• Rethinking our learning frameworks is central to improving digital literacy and ensuring that schooling meets the demands of 21C learning. Along with the information revolution, we have the social revolution of new media which has created new relationships and new forms of discourse. Because of this reading and writing will never be the same. Teaching is changing too.
  • choose your tools
  • choose your tools
  • choose your digital pedagogy. Andrew Churches - DIGITAL TAXONOMY
  • I don’t think you can do it any other way, whether its’ blogging, wiki, podcasting, voicethreads, google docs, etc the point is to NOT do ‘tools’ but to rethink interactive pedagogy and understand why.
  • last year we began to dabble, then we joined the PLP project to spearhead change driven by new media vs interactive technology integration. We experimented. Wiimote. We tested ideas out ‘on the fly’ integrated into the curriculum. We communicated, online, we collaborated online. We determined what we wanted to try in 2009. Teachers are encouraged to experiment.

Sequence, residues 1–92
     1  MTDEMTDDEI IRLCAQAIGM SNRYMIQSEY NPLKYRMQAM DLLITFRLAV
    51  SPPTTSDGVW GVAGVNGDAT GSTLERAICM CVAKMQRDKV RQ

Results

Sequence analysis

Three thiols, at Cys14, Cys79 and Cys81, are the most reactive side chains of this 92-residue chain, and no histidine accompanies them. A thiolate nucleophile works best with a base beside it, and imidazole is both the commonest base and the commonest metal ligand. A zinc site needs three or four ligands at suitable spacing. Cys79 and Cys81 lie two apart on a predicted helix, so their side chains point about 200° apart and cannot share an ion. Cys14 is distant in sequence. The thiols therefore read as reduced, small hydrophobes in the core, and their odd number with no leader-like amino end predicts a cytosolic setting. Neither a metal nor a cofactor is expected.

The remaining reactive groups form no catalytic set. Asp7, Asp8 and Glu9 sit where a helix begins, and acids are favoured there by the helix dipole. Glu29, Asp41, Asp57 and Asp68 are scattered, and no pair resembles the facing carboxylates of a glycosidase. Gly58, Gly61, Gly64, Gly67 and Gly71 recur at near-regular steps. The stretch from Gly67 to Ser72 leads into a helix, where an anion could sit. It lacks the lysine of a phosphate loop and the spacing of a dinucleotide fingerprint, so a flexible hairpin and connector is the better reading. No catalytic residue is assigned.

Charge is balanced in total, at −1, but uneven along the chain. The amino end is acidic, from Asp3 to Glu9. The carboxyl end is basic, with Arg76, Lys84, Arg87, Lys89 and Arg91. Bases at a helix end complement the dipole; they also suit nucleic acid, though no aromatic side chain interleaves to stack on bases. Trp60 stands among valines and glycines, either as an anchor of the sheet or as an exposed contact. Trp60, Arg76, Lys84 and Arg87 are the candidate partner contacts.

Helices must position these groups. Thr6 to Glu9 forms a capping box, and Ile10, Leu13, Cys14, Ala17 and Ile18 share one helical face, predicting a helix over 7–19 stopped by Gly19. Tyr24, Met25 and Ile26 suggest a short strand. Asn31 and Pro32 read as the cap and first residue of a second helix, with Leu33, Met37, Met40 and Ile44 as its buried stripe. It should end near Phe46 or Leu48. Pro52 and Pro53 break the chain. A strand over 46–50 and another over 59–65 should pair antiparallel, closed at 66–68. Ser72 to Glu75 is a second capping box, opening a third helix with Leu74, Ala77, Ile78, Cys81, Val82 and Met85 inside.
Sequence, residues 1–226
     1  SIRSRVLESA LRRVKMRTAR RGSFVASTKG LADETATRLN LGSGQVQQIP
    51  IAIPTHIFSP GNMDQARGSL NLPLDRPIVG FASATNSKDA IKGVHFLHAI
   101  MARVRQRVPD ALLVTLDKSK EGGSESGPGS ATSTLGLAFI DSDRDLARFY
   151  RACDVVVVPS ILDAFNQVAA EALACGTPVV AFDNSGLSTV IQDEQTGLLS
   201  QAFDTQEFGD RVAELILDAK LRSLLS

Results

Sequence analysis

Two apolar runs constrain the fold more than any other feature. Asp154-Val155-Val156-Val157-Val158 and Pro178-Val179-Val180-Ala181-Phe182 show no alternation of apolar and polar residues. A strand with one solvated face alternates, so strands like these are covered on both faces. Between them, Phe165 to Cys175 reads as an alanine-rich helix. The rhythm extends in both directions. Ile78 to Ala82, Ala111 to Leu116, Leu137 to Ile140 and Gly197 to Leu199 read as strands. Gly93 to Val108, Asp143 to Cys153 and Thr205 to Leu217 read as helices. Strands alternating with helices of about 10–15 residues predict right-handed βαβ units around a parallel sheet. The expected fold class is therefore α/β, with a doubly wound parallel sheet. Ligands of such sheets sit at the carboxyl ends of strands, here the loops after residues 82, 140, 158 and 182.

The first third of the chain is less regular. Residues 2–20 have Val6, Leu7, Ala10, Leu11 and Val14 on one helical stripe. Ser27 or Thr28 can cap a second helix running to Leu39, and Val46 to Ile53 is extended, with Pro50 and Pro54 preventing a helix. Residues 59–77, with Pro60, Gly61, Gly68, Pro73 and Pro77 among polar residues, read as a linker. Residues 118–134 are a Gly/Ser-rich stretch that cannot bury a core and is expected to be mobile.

• For example, if we are teaching collaboration, the tool must allow students to collaborate in their educational setting. What works in an elementary school in Kansas, may not work in a school in Adelaide.
  • Powerful Learning Practice - events, Ning, local journey, and the enthusiasm of the cohort journey
  • tools are: delicious, flickr, google docs, blogs, wiki, (and google chat) Key project is Year 7 Ning + glogster experimentation at every opportunity -
  • Who I connect with, when I connect, and how I connect will determine how I learn and what use I make of the information that I am working with. We now have a information ecology that is an open, self-managed, fostered, and conducive to knowledge flow between content and connections. Where will you start?